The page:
Alexandra Skitiovahas quoted2 years ago
Dramatic poetry is said to have been invented by the sage Bharata, who lived at a very remote period of Indian history, and was the author of a system of music. The drama of these early times was probably nothing more than the Indian Nách-dance (Nautch) of the present day. It was a species of rude pantomime, in which dancing and movements of the body were accompanied by mute gestures of the hands and face, or by singing and music. Subsequently, dialogue was added, and the art of theatrical representation was brought to great perfection. Elaborate treatises were written which laid down minute regulations for the construction and conduct of plays, and subjected dramatic composition to highly artificial rules of poetical and rhetorical style. For example, the Sáhitya-darpana divides Sanskrit plays into two great classes, the Rúpaka or principal dramas, and the Uparúpaka or minor dramas. At the head of the ten species of Rúpaka stands the Nátaka, of which the '[S']akoontalá' is an example. It should consist of from five to ten Acts; it should have a celebrated story for its plot; it should represent heroic or godlike characters and good deeds; it should be written in an elaborate style, and be full of noble sentiments. Moreover, it should be composed like the end of a cow's tail; so that each of the Acts be gradually shorter.
Alexandra Skitiovahas quoted2 years ago
In India, as in Greece, scenic entertainments took place at religious festivals, and on solemn public occasions. Kalidása's '[S']akoontalá' seems to have been acted at the commencement of the summer season—a period peculiarly sacred to Káma-deva, the Indian god of love.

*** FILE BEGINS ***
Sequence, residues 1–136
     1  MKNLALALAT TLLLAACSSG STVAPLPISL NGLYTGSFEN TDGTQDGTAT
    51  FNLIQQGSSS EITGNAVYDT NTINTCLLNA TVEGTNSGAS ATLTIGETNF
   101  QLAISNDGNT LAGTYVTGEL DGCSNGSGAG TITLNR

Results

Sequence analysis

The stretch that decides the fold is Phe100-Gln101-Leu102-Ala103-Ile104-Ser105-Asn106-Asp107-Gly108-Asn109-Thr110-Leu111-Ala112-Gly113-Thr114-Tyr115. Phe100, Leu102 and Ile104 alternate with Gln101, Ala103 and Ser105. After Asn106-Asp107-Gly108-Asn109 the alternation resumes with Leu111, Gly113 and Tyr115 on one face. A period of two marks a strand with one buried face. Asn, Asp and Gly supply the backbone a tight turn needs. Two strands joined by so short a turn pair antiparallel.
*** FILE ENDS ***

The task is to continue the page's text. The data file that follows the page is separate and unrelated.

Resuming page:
Alexandra Skitiovahas quoted2 years ago
Every Sanskrit play opens with a prologue, or, to speak more correctly, an introduction, designed to prepare the way for the entrance of the dramatis personæ. The prologue commences with a benediction or prayer (pronounced by a Bráhman, or if the stage-manager happened to be of the Bráhmanical caste, by the manager himself), in which the poet invokes the favour of the national deity in behalf of the audience. The blessing is generally followed by a dialogue between the manager and one or two of the actors, in which an account is given of the author of the drama, a complimentary tribute is paid to the critical acumen of the spectators, and such a reference is made to past occurrences or present circumstances as may be necessary for the elucidation of the plot. At the conclusion of the prologue, the manager, by some abrupt exclamation, adroitly introduces one of the dramatic personages, and the real performance commences.
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